In the short term, the ISIS strategy of taking and holding territory, as in Syria and Iraq, is highly unlikely to be replicated in the face of Pakistan’s army – even in the remote autonomous tribal areas. That does not mean, however, that other aspects of the ISIS model do not pose significant risks to Pakistan. These include a potential increase in attacks against Pakistan’s minority Shia and Christian communities, which already occur at a tragically high frequency. There are reports, for instance, that ISIS has established contacts with Lashkar-e-Jhangvi, perhaps Pakistan’s most viciously anti-Shia militant outfit. Attacks along sectarian lines play an especially destabilizing role, pitting communities against each other and creating lasting divisions that can take generations to heal. Pakistan, which has long struggled with sectarian violence, has seen a startling uptick in attacks on religious minorities over the past few years, although there has been a modest downturn in 2014.

More broadly, a rejuvenated climate of militancy poses a significant risk to a country that has long struggled to tackle a persistent security crisis. While Pakistan’s civilian government has had some notable political achievements of late, the status quo of economic and institutional stagnation has remained across much of the country, particularly in its restive western provinces. Of particular concern is ongoing instability in Baluchistan and the failed political integration of the Federally Administered Tribal Areas. These persistent challenges require lasting political solutions – including concessions by the central government to address the concerns of minorities and institute methods of accountability to reduce abuses of power and corruption. Continued ineffective governance will only breed continued instability, making the region a more attractive destination for militants.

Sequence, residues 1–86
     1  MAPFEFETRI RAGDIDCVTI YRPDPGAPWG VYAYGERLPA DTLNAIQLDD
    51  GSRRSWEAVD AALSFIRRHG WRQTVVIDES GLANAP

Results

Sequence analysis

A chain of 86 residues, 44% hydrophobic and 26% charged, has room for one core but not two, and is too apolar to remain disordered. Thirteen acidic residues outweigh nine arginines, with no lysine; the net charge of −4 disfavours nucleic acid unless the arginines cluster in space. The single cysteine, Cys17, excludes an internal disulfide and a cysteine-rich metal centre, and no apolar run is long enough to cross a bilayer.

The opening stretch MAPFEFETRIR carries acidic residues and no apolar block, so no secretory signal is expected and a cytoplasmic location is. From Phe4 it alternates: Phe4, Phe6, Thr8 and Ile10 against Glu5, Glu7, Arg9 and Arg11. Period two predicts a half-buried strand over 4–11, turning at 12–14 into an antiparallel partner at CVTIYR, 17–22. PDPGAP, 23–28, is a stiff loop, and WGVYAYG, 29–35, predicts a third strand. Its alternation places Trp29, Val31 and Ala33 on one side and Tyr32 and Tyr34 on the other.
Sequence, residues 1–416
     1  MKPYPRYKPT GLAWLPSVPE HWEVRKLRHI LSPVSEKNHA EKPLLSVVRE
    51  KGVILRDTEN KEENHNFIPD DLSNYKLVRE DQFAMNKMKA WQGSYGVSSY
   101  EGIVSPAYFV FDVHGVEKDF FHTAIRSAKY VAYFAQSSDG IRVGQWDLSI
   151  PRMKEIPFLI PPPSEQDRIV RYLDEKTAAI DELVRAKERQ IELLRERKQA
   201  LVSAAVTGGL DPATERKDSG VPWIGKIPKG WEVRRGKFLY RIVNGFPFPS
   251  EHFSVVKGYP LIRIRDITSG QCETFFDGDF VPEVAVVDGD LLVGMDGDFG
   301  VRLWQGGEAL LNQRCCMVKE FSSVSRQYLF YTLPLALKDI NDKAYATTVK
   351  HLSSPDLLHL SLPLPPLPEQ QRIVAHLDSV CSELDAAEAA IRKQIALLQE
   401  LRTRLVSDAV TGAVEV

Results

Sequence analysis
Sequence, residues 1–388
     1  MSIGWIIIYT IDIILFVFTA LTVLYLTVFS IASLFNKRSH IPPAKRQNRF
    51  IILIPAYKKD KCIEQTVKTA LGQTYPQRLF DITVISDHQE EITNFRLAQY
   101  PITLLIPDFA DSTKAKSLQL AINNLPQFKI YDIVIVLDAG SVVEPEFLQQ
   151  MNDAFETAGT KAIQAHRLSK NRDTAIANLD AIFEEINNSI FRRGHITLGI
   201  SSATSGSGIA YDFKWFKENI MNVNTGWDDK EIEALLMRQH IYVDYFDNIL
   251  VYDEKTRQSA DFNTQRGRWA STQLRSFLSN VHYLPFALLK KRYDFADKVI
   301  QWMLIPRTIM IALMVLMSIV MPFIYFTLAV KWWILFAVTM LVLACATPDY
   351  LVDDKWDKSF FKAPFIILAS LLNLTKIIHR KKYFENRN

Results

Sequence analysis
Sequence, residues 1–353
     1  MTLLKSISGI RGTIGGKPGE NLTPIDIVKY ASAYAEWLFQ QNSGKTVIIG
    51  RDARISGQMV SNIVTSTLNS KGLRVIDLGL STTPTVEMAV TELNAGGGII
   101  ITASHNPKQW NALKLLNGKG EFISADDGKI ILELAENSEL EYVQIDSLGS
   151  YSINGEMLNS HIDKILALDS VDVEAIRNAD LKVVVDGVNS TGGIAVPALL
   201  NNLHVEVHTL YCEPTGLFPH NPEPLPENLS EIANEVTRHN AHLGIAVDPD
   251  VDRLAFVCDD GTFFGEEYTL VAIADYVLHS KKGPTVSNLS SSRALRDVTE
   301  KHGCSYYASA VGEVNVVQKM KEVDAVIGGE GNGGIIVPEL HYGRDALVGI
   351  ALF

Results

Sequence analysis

Finally, Afghan stability in the wake of the withdrawal of most international forces by the end of this month is another vital factor in considering the potential of ISIS to extend its reach into South Asia. Power vacuums in Afghanistan may prove to be attractive targets for ISIS militants, as they have been over the last several decades for a myriad of jihadist groups. Alternatively, existing Afghan militant organizations may seek to bolster their standing and attract new recruits by seeking affiliation with the ISIS brand.

In the past, Pakistan’s fears of an Indian-allied Afghan government have led it to support proxy forces, including the Afghan Taliban and Haqqani Network, in an effort to exert influence in Kabul. This policy, dating back to the Soviet Invasion of 1979, has had the disastrous consequence of creating safe havens for Islamic militancy in Afghanistan and Pakistan alike. With the departure of President Karzai, there are renewed hopes for a more productive relationship between the two countries, but it will take more than a few meetings to undo a history of mistrust – and even longer to repair the damage done by promoting jihad as a tool of foreign policy.

Is Pakistan the next Syria or Iraq? Almost certainly not. But the rise of ISIS is yet another potent reminder of the risks the country faces at the hands of the militancy it helped


Leave a Reply

Fill in your details below or click an icon to log in: Logo

You are commenting using your account. Log Out /  Change )

Google+ photo

You are commenting using your Google+ account. Log Out /  Change )

Twitter picture

You are commenting using your Twitter account. Log Out /  Change )

Facebook photo

You are commenting using your Facebook account. Log Out /  Change )


Connecting to %s